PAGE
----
The episode then pivots to finding “harm reduction services” — most of them political long shots for Kansas politicians who, Evans notes, will not sanction programs that provide care to someone still using drugs. Nevertheless, Evans suggests three routes to stemming overdose deaths. One mitigation, naloxone, is a medical antidote that reverses the effects of an overdose and acts as a “Lazarus” drug by resuscitating would-be overdose victims. 

Evans also endorses methadone treatment, an intervention that does not require people to be abstinent from drugs to reduce their intake of drugs. The website for the Kansas Department of Aging and Disability Services lists the benefits of methadone treatment, saying, “Using commonly accepted criteria for medical interventions, several studies have also shown that MMT is extremely cost-effective.” 

The final preventative option? Some treatment centers abroad allow for the use of drugs under medical supervision to prevent overdoses. While naloxone and methadone have at least some traction in each state, medically supervised drug use is not legal in the United States. However, Evans says scientific literature suggests it makes medical and policy sense.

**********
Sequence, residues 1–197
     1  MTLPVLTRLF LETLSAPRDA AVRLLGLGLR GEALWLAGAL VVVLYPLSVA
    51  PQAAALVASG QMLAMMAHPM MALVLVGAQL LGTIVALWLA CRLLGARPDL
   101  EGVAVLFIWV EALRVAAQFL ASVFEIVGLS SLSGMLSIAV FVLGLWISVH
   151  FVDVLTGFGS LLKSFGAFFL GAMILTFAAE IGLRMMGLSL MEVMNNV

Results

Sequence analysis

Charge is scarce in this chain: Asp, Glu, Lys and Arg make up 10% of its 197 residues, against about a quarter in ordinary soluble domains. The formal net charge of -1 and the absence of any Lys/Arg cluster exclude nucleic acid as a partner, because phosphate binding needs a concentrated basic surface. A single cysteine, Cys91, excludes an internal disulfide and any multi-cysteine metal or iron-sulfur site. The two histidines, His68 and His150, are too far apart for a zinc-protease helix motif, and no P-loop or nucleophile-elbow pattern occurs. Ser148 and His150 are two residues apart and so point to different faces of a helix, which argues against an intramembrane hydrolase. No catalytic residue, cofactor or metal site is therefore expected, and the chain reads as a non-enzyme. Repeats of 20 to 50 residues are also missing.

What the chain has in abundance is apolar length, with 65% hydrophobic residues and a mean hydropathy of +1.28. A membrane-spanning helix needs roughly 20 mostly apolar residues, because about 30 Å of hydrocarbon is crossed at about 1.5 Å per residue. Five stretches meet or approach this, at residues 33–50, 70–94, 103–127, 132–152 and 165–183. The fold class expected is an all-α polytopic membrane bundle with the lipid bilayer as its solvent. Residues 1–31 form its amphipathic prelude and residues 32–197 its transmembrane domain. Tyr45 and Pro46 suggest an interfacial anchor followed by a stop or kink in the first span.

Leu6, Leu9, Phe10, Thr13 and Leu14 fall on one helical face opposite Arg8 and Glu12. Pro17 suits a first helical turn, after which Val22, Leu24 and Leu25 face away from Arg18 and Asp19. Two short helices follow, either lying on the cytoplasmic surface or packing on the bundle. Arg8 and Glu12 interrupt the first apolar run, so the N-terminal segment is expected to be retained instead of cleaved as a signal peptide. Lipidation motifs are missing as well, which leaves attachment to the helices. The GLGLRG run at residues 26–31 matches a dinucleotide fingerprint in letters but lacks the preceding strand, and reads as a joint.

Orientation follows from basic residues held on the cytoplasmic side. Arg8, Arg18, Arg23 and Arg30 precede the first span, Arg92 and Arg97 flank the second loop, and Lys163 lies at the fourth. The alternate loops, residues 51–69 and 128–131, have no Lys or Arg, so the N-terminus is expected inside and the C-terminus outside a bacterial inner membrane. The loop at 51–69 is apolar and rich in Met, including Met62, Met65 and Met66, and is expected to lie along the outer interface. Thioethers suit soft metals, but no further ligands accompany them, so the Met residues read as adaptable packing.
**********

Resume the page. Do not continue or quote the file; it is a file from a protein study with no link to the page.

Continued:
Swinging back to political reality in 2021, Evans acknowledges that legislators in the United States generally demand that drug users are abstinent from drugs to receive public assistance. That naïveté on behalf of lawmakers — that we should wait until a drug user is clean before offering help — will result in increasing overdose totals each year, Evans says. 

Owner of Bloody Benders’ land searching for clues in Kansas serial killings

Up To Date, Nov. 19, 2021

‘Tis the holiday season for discovering family secrets around the dinner table: the inside story of your aunt and uncle’s divorce, the reason grandpa sold the family business or the dark past of a distant cousin. 

So it was for me this week listening to the Up to Date podcast, where I learned a haunting story from Kansas’ past.